“Extreme DUI” is a Legal Distinction. What Does it Mean?

Police Lights and criminal lawyer

The legal limit for blood alcohol level (BAC) is .08%. A breath test can reveal this BAC data, if a police officer pulls you over for suspected intoxication.

In April of 2021, a 25-year-old woman in Phoenix, Arizona, took a breathalyzer test and revealed a BAC of .3%. This was nearly four times the legal limit for driving under the influence.

After the DPS trooper found Rachel Beasley’s car – Beasley had pulled over to the side of the road – he spoke with her. Her keys were still in the ignition. She admitted that she was driving home from a friend’s house. Beasley failed the field sobriety test, and was slurring her speech.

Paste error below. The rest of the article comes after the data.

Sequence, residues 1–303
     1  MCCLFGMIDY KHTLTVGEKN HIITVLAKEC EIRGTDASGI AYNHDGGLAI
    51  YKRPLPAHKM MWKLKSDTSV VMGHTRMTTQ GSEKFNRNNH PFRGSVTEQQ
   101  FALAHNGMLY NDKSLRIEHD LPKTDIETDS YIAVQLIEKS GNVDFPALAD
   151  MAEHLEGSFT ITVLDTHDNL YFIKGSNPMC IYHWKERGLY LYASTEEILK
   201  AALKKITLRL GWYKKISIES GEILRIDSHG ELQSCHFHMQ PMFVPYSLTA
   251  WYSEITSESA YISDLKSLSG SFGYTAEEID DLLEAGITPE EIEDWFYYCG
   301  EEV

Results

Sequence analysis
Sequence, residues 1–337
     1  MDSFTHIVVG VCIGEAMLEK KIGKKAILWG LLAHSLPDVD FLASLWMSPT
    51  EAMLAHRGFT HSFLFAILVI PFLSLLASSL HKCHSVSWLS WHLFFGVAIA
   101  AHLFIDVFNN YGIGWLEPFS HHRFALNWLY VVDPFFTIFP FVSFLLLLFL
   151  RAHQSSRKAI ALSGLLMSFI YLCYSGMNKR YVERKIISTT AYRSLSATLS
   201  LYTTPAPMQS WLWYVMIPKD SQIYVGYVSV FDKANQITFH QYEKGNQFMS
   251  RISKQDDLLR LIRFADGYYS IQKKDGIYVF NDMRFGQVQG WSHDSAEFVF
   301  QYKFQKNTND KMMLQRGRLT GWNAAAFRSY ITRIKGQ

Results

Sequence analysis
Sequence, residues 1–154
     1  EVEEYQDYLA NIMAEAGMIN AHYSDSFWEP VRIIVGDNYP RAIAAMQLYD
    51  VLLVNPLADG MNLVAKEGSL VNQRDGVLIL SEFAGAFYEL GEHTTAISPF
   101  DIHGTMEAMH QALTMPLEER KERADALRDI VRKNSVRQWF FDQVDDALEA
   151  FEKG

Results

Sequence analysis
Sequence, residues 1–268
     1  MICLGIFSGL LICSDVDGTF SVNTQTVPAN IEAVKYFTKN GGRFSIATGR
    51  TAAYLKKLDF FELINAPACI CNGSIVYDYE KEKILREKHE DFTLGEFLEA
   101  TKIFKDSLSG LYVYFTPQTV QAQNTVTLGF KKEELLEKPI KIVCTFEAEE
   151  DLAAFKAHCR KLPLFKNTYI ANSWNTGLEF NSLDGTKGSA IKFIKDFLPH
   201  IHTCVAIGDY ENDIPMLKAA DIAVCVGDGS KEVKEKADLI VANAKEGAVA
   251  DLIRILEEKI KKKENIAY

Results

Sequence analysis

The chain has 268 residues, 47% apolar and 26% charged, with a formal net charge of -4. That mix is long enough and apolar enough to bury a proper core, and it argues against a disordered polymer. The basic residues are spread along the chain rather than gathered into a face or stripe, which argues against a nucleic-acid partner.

Beasley having demonstrated herself to be significantly beyond the legal intoxication limits for operating a motor vehicle, was charged with two counts of “extreme DUI.”

What is “extreme DUI”?

In Ohio, this is called “aggravated OVI,” (for “operating a vehicle under the influence”) and it is reserved for individuals who are far above that .08% legal limit. Courts in Ohio also call this a “high-tiered OVI.”

For the Buckeye State, any repeat OVI offense is an aggravated OVI. If you are a repeat offender or a felony offender, this designation is automatic. If you are a first-time offender, you qualify as a high tier OVI if your BAC is .17% or higher.

High Tier OVI carries harsher penalties. As a first offense, you must serve three days in jail, and attend three days of an intervention program. For a second offense, you would be looking at more than 20 days in jail, or 10 days in jail plus 36 days of house arrest. A third aggravated OVI offense carries either 60 days in jail or 30 days in jail and 110 days of house arrest with alcohol monitoring.